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Now There's a New USC Investigation : College football: Texas recruit said Trojans will 'do anything . . . and bend the rules.'


A week after the Pacific 10 Conference initiated an investigation involving USC star wide receiver Keyshawn Johnson, a recent high school star has accused the football program of recruiting irregularities.

Clarence Martin, a star defensive lineman from Oceanside El Camino High who chose Texas over USC, told the Austin American-Statesman at practice earlier this week that USC players offered to give him shoes and jackets and that the school will "do anything to get players, and bend the rules."

Martin also said that David Robinson, the Trojans' tight-end coach and son of Coach John Robinson, made illegal overtures.

John Robinson said Thursday that the school, when told about the newspaper story, had initiated and completed an internal investigation into the charges and sent its findings to the NCAA. The school said it will also notify the Pac-10.

"The incident involved the exchange of used personal clothing between one of our players and the recruit," Robinson said in a statement.

Martin, when contacted by The Times on Thursday, denied making the allegations.

"That didn't even come out of my mouth," Martin said. "It is something the [Austin] paper wrote and none of it's true. I am already here [at Texas], why would I try to rag on some other school?"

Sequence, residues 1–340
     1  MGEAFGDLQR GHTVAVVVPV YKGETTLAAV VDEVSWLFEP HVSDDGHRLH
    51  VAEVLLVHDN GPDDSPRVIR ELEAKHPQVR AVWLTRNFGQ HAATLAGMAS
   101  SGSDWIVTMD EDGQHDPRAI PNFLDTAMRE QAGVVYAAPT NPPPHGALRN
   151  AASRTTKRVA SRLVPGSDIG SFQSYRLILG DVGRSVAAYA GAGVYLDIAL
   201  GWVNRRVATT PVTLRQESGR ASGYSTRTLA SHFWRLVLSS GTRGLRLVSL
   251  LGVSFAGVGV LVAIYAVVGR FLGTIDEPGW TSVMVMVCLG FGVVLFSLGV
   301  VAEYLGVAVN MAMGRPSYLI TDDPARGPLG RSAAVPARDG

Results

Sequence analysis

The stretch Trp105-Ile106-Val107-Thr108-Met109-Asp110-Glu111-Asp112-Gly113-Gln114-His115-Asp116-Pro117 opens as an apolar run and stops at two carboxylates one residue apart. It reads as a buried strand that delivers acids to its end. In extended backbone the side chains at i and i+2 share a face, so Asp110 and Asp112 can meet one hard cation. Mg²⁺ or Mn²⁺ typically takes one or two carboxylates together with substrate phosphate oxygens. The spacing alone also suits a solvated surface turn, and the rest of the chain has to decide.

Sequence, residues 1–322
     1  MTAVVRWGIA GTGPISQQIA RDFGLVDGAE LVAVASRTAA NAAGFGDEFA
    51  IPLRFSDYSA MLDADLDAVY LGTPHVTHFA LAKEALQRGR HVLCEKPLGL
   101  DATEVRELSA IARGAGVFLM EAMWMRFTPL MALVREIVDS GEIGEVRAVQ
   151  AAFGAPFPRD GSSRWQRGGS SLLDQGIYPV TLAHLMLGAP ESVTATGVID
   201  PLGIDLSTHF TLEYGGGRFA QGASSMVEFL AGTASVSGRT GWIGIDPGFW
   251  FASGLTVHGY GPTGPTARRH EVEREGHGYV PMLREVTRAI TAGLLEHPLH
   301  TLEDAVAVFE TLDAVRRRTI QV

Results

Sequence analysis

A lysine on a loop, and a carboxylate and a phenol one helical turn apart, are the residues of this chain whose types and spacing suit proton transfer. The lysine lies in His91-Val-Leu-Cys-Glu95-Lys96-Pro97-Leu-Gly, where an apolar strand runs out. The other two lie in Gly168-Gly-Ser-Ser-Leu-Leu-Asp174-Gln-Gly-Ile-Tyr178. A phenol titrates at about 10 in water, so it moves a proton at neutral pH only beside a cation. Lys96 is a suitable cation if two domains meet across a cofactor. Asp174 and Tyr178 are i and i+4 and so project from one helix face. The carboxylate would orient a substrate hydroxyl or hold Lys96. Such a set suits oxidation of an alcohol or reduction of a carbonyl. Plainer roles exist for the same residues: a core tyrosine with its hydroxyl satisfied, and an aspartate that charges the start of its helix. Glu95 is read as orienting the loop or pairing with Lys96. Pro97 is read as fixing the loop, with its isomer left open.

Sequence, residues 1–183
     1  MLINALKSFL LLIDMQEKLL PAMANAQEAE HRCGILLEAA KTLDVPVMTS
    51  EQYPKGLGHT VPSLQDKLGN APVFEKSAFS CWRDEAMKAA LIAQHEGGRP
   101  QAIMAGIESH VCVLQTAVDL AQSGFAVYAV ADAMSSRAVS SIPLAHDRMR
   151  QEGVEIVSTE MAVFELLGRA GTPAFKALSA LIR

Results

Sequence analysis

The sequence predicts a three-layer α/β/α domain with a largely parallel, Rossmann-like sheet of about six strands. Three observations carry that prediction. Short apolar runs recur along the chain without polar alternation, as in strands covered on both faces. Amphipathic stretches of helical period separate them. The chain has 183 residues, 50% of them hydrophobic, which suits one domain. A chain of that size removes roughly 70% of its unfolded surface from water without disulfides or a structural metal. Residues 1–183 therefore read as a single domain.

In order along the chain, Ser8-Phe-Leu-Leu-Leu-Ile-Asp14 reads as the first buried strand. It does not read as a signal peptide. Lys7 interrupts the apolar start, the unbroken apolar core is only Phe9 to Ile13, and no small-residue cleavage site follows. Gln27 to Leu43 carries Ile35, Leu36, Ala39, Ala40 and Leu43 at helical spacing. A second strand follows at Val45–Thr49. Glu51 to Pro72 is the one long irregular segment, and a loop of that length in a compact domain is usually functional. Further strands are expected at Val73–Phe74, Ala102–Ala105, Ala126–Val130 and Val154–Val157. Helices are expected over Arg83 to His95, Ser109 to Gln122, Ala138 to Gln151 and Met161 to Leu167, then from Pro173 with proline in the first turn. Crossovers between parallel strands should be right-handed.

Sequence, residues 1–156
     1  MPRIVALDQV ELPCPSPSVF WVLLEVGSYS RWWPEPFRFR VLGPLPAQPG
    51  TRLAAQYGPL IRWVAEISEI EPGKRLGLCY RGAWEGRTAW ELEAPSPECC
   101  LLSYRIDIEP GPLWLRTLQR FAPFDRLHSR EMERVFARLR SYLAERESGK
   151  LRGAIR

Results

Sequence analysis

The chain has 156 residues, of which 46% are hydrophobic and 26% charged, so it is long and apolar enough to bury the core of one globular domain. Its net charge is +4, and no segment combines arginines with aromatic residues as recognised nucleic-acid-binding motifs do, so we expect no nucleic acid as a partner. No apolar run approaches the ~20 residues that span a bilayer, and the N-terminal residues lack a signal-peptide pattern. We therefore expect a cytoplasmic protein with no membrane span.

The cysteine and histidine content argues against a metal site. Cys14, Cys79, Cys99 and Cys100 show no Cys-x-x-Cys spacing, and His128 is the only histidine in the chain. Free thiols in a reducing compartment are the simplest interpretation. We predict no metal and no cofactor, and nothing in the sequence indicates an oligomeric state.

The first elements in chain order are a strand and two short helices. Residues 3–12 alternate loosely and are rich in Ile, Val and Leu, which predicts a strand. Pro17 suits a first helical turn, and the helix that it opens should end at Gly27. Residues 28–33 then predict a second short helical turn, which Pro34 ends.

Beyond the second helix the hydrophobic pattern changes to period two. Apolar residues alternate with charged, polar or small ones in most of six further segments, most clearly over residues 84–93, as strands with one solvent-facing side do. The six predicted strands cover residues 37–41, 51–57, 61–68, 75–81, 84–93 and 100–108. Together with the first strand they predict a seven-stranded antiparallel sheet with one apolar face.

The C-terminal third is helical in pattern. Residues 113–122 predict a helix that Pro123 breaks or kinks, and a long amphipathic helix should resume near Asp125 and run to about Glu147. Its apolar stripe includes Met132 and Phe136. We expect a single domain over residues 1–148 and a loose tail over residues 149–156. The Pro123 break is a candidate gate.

Kirk Bohls, the American-Statesman sportswriter who wrote the story, told The Times on Thursday night that he had taped the majority of the interview with Martin. He said the interview lasted about 20 minutes and that Martin had initiated the conversation about USC's recruiting practices. Bohls played the tape for Times reporters, who were able to confirm the statements printed in the American-Statesman.

Martin told The Times that he had already signed at Texas when he traded with USC defensive tackle Darrell Russell, a longtime friend, for a couple of USC jerseys last December.

"I was up there [at USC] to visit him [Russell] and he gave me two shirts and I gave him a pair of my slacks," Martin said. "We grew up together in San Diego."

Martin said Thursday that he decided not to attend USC because he did not feel comfortable there, not because of questionable recruiting.

"My [Texas] coaches told me that the reporter set me up . . . " Martin said.

USC also is awaiting the outcome of a Pac-10 investigation into allegations that Johnson, a senior, took money from an agent. Johnson told Pac-10 investigators that he received $200 from Tim Shannon, a Laguna Hills agent and former USC football player, while attending West Los Angeles College in 1993.

But Johnson said he received the money because he and Shannon have been friends for 16 years. If so, officials probably will determine there was not a violation.

Under NCAA rules, athletes who are found to have accepted cash or other gifts from sports agents can lose their eligibility.

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